Tuesday, September 10, 2019

Hospitality Management--Food Safety Management Essay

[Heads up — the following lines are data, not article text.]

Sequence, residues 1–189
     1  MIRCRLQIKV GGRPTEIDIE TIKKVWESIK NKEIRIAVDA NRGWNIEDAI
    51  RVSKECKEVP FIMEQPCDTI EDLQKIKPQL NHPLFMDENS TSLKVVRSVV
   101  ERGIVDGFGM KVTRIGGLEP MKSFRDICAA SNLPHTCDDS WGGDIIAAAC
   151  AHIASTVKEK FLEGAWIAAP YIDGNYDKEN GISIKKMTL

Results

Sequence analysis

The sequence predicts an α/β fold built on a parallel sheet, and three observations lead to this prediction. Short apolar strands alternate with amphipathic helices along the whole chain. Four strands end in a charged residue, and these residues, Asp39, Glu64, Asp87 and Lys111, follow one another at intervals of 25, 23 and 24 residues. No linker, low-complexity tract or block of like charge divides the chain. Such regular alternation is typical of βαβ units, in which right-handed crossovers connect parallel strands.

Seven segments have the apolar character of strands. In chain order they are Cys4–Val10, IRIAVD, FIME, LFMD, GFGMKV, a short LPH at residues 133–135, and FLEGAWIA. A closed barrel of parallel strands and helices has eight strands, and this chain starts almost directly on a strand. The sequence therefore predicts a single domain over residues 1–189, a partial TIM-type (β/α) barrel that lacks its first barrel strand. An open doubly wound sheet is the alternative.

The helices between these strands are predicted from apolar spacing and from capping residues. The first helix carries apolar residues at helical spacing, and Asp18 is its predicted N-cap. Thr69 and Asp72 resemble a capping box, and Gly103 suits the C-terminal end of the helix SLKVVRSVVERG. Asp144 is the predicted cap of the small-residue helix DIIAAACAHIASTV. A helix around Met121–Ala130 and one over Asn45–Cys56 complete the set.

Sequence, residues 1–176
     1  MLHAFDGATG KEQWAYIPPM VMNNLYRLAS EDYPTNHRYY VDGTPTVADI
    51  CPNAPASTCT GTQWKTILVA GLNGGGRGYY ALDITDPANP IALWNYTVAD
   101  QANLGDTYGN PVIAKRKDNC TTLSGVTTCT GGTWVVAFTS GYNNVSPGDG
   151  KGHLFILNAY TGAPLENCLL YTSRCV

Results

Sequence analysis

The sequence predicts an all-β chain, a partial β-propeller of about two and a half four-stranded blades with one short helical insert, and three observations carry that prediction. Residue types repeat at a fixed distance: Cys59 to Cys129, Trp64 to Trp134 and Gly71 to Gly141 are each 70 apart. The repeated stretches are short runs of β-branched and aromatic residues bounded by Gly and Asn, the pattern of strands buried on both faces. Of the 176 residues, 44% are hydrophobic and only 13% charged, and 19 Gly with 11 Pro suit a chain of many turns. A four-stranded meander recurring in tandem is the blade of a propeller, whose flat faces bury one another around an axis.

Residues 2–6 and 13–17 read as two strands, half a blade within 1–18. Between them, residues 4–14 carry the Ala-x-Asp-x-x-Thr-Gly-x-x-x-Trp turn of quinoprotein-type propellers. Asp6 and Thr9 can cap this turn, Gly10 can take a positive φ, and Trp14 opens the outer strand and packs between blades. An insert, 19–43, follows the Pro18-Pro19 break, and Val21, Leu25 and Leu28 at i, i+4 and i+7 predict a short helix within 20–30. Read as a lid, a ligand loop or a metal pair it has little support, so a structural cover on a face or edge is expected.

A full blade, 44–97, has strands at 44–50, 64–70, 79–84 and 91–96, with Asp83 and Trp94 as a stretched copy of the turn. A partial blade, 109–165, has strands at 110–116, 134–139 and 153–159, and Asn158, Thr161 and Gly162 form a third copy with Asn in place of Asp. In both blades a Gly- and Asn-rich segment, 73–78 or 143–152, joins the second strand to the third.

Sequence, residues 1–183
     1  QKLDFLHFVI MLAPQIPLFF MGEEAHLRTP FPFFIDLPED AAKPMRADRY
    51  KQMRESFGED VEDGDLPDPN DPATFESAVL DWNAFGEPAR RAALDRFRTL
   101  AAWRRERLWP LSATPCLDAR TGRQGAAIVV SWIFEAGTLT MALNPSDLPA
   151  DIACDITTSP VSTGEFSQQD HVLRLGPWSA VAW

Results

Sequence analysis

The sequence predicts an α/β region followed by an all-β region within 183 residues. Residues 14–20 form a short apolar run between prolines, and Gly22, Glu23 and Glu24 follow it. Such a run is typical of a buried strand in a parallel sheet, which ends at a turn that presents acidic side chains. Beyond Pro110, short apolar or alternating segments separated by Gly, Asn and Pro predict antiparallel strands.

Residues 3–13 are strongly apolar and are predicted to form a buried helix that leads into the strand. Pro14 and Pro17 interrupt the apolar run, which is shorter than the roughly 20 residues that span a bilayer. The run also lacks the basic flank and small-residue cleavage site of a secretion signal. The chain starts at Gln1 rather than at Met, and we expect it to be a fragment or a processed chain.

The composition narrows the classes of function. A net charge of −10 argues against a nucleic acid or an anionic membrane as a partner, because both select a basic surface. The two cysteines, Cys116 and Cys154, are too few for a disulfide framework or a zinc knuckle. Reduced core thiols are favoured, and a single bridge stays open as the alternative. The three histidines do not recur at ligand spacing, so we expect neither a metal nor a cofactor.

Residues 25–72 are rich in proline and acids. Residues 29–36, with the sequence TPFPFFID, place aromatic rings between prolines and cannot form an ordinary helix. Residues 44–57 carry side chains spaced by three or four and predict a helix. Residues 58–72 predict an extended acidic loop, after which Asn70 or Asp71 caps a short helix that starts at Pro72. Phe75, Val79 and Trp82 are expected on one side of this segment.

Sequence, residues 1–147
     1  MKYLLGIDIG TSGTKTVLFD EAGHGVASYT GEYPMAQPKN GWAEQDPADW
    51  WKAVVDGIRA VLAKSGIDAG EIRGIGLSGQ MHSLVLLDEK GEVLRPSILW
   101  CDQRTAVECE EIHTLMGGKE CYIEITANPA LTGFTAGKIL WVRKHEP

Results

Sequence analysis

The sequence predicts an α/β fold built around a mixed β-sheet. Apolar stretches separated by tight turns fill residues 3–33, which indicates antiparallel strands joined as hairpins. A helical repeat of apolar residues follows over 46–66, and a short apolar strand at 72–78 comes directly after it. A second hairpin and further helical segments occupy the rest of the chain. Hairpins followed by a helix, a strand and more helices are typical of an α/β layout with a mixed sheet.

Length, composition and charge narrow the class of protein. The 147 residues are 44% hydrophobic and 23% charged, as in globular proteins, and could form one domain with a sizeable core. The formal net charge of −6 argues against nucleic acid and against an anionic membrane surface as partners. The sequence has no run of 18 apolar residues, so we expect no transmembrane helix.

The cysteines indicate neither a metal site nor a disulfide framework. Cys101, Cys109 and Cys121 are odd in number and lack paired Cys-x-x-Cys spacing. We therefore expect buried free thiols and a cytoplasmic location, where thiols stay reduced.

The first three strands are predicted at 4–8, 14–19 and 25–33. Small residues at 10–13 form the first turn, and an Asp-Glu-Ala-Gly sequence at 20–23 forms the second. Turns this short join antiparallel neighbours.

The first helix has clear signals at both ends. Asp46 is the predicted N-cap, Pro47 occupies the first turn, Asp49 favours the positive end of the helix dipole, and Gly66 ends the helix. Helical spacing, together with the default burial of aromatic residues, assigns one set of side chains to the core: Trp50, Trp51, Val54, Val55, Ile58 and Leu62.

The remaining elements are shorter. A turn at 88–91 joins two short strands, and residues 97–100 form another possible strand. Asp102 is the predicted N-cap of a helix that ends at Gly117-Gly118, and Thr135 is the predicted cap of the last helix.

Hospitality Management--Food Safety Management - Essay Example With this comes a great responsibility to ensure the safety and integrity of the food supply. Little kills a tourist destination or catering business more than bad publicity. This can occur in the media, or via word of mouth. One of the primary concerns in the industry has long been outbreaks of food poisoning (Adams and Morrell 38). Catering businesses must depend not only on their own quality control standards, but also on the safe supply of fresh food to their business as well. It is critical that food born illnesses be eliminated from the food supply to the greatest extent possible. Much has been discussed in this area in recent years as the number of tourism based businesses continues to grow exponentially. This paper will examine a particular case of food born disease that directly affected the catering industry in Africa, and will enter into a discussion of relevant legislation and recommendations to avoid future outbreaks worldwide. Case Study and the Causative Agent Salad ha s long been a staple of the catering industry. Nearly every meal in world wide tourist circles, particularly meals that are catered, have some form of salad mix as a part of the set menu (Henderson 318). Produce, however, must be handled carefully as there are many food born diseases that can result if not properly handled (Chapman et. al. 1101). Because of the mass quantities of lettuce and other ingredients of salad that must be collected for any one event, it becomes even more critical to examine the health and safe of such food products. Since salad is not cooked, heat and extreme temperatures utilized in the cooking process do not assist in the elimination of contaminants (Amhadi and Hussain 172). One such case study was recently conducted in Nigeria to determine the prevalence of food born bacteria in ready made salad mixes typically used in the catering industry. General Details Scientists tested 150 different ready-to-eat salad samples from various sources in Calabar, South Nigeria. The samples were taken from such tourist and catering sites as fast food centers, wedding reception banquets, and birthday parties in the main part of the city. This occurred during the three-month period in order to ensure that the food and produce supplier remained relatively consistent (Udo et. al. 1). During the analysis of the samples, it was discovered that five main types of bacteria were present in the lettuce on an above average scale. â€Å"The probable human pathogens isolated were Staphylococcus aureus 35 (41.18%), Escherichia coli 21 (24.71%), Klebsiella aerogenes 11 (12.94%), Slamonella Enterica var Typhimuirum 3 (3.53%, and Bacsillus species 15 (17.65%)† (Udo et al 2). It was discovered that an astounding 40% of fast food centers, 52% of birthday parties, and 78% of wedding receptions had enough bacteria in their salad to cause food poisoning amongst the guests. Obviously this is an unacceptable number, but this case study is reflective of the overall danger of the food preparation industry if proper handling of food is not undertaken. The case study from Nigeria demonstrates that salads typically eaten in tourist venues and at catering events are often contaminated with pathogens that can cause grave illness in humans. This indicates a strong need to take care that food service personnel, particularly in the hospitality industry, use proper hygiene standards and that fruits and vegetables are disinfected and stored at the

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